A few months ago, I wrote a piece here discussing what I believe to be the truly interesting story behind Ryan Braun’s PED saga, and the Biogenesis case more generally. Namely, I feel that the key point is the fact that we, as baseball fans, are so severe and unyielding in our judgement of those who use PEDs, to an extent that goes beyond that of those who break any other rule, that we drive true discussion of the matter into the shadows, and make it impossible to truly learn more and move forward. I entitled the piece, “It Doesn’t Matter Whether Ryan Braun Is Guilty Or Innocent”, and indeed, now that he has all but admitted his guilt, my views on the matter have not changed. If anything, they have intensified.
Much of the vituperation that has been directed Braun’s way has focused less on his actual use of PEDs, and more on his vigorous, dishonest defense of himself. Braun was wrong to lie, but I believe those suggesting he should have essentially no commented his way through the aftermath of his appeal are being naïve. Had Braun’s public statements last February consisted solely of, “I’m just glad this is over, I’m ready to move on,” I suspect those currently excoriating him for defending himself too strongly would have been excoriating him then for not defending himself strongly enough. For all we say about just wanting players to be honest and admit to things, we haven’t structured the incentives at all to encourage this. To be a steroid cheat is to be considered an abominable wretch, and to be an honest steroid cheat is really only scarcely better. Once you’re the former, there just isn’t much percentage in trying to be the latter. I’m not saying this excuses Braun’s actions, or absolves him of his guilt; his actions are still ultimately his responsibility, and he did behave badly. However, trying to consider what he did without considering the context in which he did it is completely foolish.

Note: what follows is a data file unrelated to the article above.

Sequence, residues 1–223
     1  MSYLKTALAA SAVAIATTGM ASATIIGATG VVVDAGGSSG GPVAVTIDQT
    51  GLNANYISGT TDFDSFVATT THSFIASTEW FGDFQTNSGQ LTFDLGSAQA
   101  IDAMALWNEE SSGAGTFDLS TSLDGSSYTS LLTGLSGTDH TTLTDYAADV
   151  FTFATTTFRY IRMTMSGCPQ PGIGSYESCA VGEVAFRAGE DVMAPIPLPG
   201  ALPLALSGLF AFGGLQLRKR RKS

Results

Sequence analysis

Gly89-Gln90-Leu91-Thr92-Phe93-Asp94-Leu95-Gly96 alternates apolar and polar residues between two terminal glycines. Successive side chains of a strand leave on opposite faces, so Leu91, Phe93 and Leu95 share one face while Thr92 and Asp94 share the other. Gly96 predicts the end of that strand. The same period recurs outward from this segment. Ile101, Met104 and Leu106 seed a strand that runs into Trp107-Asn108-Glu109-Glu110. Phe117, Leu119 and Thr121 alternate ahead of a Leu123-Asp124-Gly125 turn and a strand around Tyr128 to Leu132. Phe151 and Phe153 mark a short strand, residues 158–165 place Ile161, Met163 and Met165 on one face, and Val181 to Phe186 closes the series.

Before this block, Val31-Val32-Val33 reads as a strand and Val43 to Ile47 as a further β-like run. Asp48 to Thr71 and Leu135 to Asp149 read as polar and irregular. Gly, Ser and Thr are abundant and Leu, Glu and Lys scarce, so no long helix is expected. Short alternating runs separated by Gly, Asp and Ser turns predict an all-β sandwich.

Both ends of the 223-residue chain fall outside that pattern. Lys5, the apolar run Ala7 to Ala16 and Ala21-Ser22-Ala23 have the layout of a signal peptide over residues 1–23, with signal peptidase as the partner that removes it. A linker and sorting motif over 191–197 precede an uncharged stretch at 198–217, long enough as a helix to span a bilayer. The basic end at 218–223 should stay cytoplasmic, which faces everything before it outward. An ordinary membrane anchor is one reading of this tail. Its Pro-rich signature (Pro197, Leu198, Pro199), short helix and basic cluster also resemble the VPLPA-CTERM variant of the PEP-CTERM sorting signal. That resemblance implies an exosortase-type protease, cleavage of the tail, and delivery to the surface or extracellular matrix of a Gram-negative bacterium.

This context of absolute vilification of PED users, which encourages them to hide as much of their actions as possible, only worsens the problem of PED use in sports. In my previous piece, I indicated that if we’re truly considered with player safety (and I think this is the only real concern justifying the ban of PEDs), the best thing to do would be to make PED use as open as possible, and encourage the discovery of safe ways to enhance performance. Braun’s current situation has also made me realize that we’ll also never truly grasp the effects of these drugs on performance unless we’re similarly open to discussion. Imagine if PED users could talk about their cheating as openly as former players can talk about spitballs and corked bats. Imagine if Ryan Braun could credibly claim to have used performance enhancers during the 2011 season, but not during the 2012 season. Wouldn’t that speak volumes about their effectiveness? I don’t know if they’re as ineffective as that suggests, but I also feel quite certain that they’re less effective than the magic beans they are in popular imagination. Until we can get more honesty from players about when they did and did not use, however, we can never know for sure. So when Ryan Braun comes out and says that he only used performance enhancers during the 2011 season, and not any other, and I suspect he will say such a thing, what could be evidence of their effectiveness will serve equally well as further evidence of his duplicity. What might have discouraged another from the use of such substances will have no such effect.
I will be criticized for defending Braun too much in this piece. This is not because I am not disappointed by his actions; I am, and while I think our current attitude towards PEDs is misguided, they are against the rules, he broke these rules, and he should be punished. As a Brewers fan, I am also upset that he undertook these actions knowing he represents the franchise, and that his behavior reflects poorly on the entire organization. But I’m not going to dwell on criticizing his failings, mainly because if you want to read that, there’s plenty of it all over the Internet. I strike a mostly defensive tone as a corrective to the predominant tone struck elsewhere.
Of course, the note inherent in criticism of defending Braun is that I am a biased Brewers fan, unable to look past my team allegiances to see the horrid nature of this man’s character. On this charge, I plead no contest. Watching Ryan Braun play baseball has brought me an immense amount of joy over the past six years, and I cannot deny that this colors my observations. But what can be cast one way as bias might be cast another way as a perspective. From my perspective, Ryan Braun’s baseball skill has brought me an enjoyment that has not been sullied or trashed by these revelations. His actions have disappointed me, but they have not disappointed me more than Yovani Gallardo’s actions, and they don’t disturb me a fraction as much as Francisco Rodriguez’s actions. From my perspective, the opprobrium heaped on his actions relative to those of other athletes is disproportionate and unhelpful, and so that is what I feel compelled to note.